Now it becomes clearer, no? Violations of commandments between man and man seem to evoke little moral indignation in the frum community – certainly not nearly as much indignation as would the report of an Orthodox Jew eating a cheeseburger.
Orthodox Jews all too often transgress the most basic of the ben adam l’chavero mitzvos, leading one to wonder what shortcoming exists in the frum world that allows for such behavior to be so routinely perpetrated – and so casually explained away or dismissed by others.
Why are we so quick to express outrage and give the cold shoulder to a frum Jew for devouring a cheeseburger while we react with such relative equanimity to horrific violations of communal and societal standards by those who would never dream of eating a Big Mac?
There is something fundamentally wrong with this picture.
About the Author: Rabbi Philip Lefkowitz is the rav of Agudas Achim North Shore Congregation in Chicago. During his 43 years in the rabbinate he has led congregations in the U.S., Canada and the United Kingdom and served as an officer, Executive Committee member and chair of the Legislative Committee of the Chicago Rabbinical Council.
If you don't see your comment after publishing it, refresh the page.
Comments are closed.
Because let’s face it: Hamas obviously can’t defeat the IDF in the field, soldier against soldier
The residents of Gaza were not occupied by the Hamas; they voted for the terror organization in democratic elections, by a huge majority, by virtue of its uncompromising struggle against Israel. For this reason, the separation between the armed Hamas terrorists and those ‘not involved’ or ‘innocents’ is false. The Gazans are now paying for […]
As Peres retires, Israel fights sour legacy: Insistence on setting policy in line with hopes, rather than with reality.
Our capital was not arbitrarily chosen, as capitals of some other nations were.
UNHRC High Commissioner Navi Pillay accuses the IDF of possible war crimes in Gaza again, cutting slack to Hamas.
There is much I can write you about what is going here, but I am wondering what I should not write. I will start by imagining that I am you, sitting at home in the Los Angeles area and flipping back and forth between the weather, traffic reports, the Ukraine, Mexican illegals and Gaza. No […]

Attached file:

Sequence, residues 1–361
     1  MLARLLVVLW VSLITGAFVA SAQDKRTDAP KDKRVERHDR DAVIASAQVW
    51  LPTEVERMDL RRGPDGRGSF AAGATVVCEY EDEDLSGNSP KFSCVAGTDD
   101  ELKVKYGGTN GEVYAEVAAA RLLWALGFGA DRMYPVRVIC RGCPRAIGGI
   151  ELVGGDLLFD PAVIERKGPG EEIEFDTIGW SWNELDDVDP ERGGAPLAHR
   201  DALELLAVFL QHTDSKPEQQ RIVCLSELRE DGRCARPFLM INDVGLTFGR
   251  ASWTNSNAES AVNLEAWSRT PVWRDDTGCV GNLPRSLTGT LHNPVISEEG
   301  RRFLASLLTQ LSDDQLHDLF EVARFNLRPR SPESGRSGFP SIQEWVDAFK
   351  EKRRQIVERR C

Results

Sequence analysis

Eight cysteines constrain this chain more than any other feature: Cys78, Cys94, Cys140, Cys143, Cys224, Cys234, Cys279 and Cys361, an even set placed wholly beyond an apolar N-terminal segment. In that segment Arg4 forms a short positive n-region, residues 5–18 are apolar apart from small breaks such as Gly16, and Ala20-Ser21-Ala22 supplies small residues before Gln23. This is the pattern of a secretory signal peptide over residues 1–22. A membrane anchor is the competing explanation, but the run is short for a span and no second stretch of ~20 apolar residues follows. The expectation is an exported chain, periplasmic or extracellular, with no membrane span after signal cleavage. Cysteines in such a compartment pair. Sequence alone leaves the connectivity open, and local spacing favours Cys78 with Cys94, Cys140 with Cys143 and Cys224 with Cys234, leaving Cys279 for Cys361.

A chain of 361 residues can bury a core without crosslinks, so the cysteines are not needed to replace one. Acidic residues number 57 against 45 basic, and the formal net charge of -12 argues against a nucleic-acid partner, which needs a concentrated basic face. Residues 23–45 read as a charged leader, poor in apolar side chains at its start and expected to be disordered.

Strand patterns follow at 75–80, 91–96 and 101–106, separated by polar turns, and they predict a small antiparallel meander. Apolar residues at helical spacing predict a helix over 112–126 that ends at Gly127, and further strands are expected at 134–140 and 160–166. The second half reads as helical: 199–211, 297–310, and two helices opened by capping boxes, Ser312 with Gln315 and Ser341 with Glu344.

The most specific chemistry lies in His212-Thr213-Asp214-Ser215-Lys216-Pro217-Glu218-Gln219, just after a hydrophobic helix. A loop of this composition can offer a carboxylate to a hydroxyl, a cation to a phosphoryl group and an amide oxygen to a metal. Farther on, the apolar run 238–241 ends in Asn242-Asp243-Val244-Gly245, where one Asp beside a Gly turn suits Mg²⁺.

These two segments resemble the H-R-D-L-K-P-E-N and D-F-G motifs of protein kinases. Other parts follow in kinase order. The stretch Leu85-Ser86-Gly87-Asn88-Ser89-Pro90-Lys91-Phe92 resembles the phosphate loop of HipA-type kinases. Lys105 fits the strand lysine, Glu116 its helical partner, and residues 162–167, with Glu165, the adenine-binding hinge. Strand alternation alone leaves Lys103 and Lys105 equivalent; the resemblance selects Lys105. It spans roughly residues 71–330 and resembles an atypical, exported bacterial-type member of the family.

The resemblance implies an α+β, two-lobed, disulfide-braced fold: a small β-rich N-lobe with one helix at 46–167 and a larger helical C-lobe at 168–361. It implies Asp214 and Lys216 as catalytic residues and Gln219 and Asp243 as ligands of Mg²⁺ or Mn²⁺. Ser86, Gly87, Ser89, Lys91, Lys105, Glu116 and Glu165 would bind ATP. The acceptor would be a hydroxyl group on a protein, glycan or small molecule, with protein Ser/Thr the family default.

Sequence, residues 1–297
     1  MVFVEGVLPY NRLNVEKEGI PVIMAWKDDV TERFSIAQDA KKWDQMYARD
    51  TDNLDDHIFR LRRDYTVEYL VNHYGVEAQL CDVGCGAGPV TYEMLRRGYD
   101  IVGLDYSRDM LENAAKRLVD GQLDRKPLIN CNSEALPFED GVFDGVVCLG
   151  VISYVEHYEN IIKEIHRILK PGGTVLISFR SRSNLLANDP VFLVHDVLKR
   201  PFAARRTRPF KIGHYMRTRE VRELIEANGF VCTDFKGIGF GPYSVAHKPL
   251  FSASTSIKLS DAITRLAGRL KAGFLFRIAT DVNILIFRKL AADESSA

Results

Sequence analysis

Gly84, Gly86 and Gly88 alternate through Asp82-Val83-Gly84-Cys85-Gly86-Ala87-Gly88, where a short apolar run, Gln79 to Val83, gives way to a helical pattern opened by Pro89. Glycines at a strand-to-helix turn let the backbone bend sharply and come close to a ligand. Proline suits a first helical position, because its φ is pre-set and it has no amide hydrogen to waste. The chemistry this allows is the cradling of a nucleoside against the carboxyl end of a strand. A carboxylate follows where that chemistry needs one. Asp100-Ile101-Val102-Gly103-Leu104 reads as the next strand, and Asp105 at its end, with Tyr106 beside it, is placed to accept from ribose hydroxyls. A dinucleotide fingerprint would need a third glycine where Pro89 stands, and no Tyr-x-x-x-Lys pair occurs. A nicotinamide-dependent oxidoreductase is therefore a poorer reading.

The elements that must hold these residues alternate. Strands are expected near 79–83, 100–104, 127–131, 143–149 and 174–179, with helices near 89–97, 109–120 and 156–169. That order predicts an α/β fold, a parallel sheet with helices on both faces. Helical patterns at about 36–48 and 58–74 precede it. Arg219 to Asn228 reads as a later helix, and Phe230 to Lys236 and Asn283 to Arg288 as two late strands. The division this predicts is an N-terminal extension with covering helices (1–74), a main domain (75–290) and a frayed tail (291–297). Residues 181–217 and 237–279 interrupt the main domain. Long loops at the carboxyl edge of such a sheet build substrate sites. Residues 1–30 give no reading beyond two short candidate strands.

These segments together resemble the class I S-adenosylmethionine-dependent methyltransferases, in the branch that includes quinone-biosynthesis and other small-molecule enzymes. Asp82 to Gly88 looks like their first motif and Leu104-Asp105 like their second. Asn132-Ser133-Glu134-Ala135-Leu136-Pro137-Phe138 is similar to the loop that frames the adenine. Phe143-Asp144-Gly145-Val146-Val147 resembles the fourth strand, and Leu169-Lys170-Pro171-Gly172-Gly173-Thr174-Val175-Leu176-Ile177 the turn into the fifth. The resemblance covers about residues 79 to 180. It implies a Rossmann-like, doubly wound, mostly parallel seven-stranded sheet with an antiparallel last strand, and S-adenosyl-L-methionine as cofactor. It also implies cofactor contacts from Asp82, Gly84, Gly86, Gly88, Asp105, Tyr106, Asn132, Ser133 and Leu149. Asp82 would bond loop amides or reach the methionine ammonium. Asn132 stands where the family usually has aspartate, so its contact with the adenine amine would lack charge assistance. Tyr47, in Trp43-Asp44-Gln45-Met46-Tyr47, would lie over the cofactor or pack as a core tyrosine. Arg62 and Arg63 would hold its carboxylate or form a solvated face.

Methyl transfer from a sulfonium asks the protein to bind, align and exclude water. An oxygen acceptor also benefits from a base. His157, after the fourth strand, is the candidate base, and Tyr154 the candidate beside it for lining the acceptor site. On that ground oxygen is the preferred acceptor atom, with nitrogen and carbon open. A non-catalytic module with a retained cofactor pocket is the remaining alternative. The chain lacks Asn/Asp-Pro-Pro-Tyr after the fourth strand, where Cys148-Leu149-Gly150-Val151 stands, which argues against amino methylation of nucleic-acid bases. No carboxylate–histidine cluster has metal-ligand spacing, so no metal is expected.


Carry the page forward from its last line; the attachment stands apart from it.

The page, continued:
Should Jews in Europe take more responsibility in self-defense of community and property?
Germany’s The Jewish Faith newspaper ominously noted, “We Jews are in for a war after the war.”
The truth is we seldom explore with kids what prayer is supposed to be about.
Almost as one, Jews around the world are acknowledging the day-to-day peril facing ordinary Jews in Israel and the extraordinary service of the IDF in protecting them.
So on the one hand Secretary Kerry makes no bones about who is at fault for the current hostilities: he clearly blames Hamas.
King Solomon said it long ago: “Cast your bread upon the waters” because you don’t know when you’ll hit something. Our job is to do.
The anti-Israel camp does not need to win America fully to its side. Merely to neutralize it would radically alter the balance of power and put Israel in great jeopardy.
Senator Robert Byrd, Democrat of West Virginia, died recently. The other day I saw a clip of him singing “Amazing Grace.” The sincerity in his voice was unmistakable. And why not? That hymn is his only saving grace. For Byrd found his faith in the Baptist church, which teaches that all sin can be washed away “in the blood of Christ.” It is divine grace and not good works that rights the wrongs perpetrated against one’s fellow human beings.
In 1890, William Blackstone organized a conference in Chicago of Christians and Jews to respond to the pogroms then occurring in Russia. The group unanimously passed a resolution urging world leaders “to stay the hand of cruelty from these time-honored People which have given them as well as us our Bible, our religion, and our knowledge of God.”
Printed from: http://www.jewishpress.com/indepth/opinions/cold-shoulders-and-cheeseburgers/2010/01/20/
Scan this QR code to visit this page online: